Eight more moons have been found orbiting the planet Jupiter. The discoveries were made with the giant telescopes in Hawaii. All are a few kilometers in diameter and two are moving in the same direction as the planets rotation. The others are retrograde. Periods are between 200 and 900 days and visual magnitudes are around 23. The names of the moons haven't been assigned yet but they will likely be named after the lovers of the Roman god Jupiter. Since there are so many moons, they'll also be named after children. That brings the total moons around Jupiter to 48. (Note: after writing this paragraph, I found out that four more moons were discovered. The total is now 52, with the possibility of many more waiting to be found).

If you've never attended a Messier Marathon, you'll get the chance to see one in action at Stargate Observatory on April 5. This is the time of the year when the length of darkness and the celestial sphere cooperate to maximize Messier object observing time. How many can you spot in one night?

The rings of the planet Saturn will be tilted at their gratest angle possible during April. If you haven't observed this planet under such a condition, now's the time. Ring structure is best observed at this time. Divisions will be easier to recognize.

There's a ring around our galaxy. The Sloan Digital Sky Survey (SDSS), due to be finished in the year 2005, has revealed a ring of stars that may extend all around the Milky Way. With just a 47 degree survey around our galaxy, it's estimated that there is a possible 20 to 500 million stars that we have been missing because of the obscureing nature of trying to observe through our home based stellar system. So far, astronomers aren't sure if the ring is circular or elliptical but the additional stars, which probably were captured when the Milky Way gobbled another galaxy, pose a vexing problem. The stars are moving at such high speeds that it supports the existence of much more dark matter than we expected.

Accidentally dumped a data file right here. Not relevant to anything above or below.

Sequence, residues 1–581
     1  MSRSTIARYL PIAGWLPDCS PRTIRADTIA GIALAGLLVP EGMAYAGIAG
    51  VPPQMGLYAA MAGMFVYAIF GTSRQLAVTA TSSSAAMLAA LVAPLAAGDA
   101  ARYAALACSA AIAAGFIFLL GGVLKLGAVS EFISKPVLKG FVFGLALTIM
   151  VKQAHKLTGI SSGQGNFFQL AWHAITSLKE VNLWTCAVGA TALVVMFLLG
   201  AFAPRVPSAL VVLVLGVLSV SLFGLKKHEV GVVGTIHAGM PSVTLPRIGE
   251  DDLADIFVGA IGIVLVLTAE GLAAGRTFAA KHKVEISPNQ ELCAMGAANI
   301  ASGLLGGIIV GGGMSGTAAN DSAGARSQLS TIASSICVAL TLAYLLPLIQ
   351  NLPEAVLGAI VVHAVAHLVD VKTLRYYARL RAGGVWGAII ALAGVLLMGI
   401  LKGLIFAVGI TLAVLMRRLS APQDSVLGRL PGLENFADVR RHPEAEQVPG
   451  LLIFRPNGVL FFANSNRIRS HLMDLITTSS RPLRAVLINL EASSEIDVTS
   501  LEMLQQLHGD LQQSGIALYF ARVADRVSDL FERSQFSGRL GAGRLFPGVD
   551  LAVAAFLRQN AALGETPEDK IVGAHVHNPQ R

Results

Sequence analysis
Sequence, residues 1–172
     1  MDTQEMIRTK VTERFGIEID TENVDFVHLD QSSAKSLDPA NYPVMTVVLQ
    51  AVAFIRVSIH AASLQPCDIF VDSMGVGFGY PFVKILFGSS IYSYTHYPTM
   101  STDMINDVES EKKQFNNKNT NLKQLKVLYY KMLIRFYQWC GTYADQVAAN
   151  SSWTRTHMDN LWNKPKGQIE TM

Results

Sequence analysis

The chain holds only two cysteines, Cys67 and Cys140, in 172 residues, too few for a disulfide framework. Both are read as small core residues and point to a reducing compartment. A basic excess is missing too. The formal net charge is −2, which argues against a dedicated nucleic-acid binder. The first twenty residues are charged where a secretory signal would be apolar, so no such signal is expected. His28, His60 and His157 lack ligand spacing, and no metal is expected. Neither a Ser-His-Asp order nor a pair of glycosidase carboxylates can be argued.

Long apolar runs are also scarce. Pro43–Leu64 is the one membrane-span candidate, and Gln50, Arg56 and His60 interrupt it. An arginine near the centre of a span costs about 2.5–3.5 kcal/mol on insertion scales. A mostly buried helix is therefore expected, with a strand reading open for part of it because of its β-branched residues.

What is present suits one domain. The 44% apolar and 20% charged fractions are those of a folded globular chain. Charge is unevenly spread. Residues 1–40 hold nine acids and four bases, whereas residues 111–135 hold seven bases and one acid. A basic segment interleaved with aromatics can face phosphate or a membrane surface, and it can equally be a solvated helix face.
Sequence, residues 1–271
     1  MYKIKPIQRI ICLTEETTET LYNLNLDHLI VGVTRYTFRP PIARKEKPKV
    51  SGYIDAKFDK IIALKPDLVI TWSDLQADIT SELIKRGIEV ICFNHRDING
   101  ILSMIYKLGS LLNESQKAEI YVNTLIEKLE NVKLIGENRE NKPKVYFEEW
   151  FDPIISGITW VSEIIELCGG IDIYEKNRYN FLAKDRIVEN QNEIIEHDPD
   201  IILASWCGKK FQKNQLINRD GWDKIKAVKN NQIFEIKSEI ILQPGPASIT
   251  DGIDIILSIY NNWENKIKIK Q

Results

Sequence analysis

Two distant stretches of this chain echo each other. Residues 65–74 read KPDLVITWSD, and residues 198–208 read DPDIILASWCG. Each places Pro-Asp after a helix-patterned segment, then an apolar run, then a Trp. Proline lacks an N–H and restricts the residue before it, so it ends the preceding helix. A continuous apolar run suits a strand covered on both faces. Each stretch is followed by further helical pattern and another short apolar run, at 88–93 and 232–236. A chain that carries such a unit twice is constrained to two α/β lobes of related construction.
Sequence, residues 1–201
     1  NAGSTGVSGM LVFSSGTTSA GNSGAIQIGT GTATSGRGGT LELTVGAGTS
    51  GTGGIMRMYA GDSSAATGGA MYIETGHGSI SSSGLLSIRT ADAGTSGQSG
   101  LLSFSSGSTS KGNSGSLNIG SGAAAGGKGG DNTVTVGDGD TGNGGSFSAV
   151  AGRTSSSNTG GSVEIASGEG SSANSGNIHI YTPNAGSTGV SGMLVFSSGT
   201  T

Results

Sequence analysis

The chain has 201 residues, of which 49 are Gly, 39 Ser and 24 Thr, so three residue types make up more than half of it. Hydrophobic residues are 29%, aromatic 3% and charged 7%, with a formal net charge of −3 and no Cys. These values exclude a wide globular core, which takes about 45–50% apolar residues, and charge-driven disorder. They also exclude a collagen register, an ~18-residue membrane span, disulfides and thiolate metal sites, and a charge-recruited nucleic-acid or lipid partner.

April is also the last month to take advantage of early evening observing, as daylight savings time pushes daylight another hour later in the evening. DST begins on Sunday morning, April 6.

A series of pictures are being circulated on the Internet that show the Space Shuttle blowing up while in flight above the Earth. It shows an explosion that originates at the back of the shuttle, then moves forward toward the front, with an ever increasing ball of fire and an expanding plume of broken metal and shrapnel. When I first saw those shots, I was amazed at their clarity, thinking these pictures are really great. After scanning the photos a little more, I realized that there were no identifyable markings on the shuttle. To me, that was kind of odd. To top it off, as amazing as those pictures were, none of them were being shown on regular television. Could it be that the wire services are doubting the source of the shots? Another thing about the picture that makes me scratch my head is the advancing ball of fire. The fire ball seems to be obscuring the damaged part of shuttle as it moves forward, as if to suggest that the picture was puposely hiding the probability of more than one photo, overlayed on top of each other. If you've seen those pictures, let me know what you think too.

LOCAL UPCOMING EVENTS. Astronomy Day occurs on May 10 this year. Both Cranbrook and Stargate observatory will have open houses for the public. If you live near one of those facilities and would like to help out by showing the night sky or Daytime Sun to the public, you're more than welcome. If you have any kind of display to set up for the general public, be it photographs or information concerning geting started in the astronomy hobby, please bring your display also. Both sites are usually well attended and they can use all the help they can get.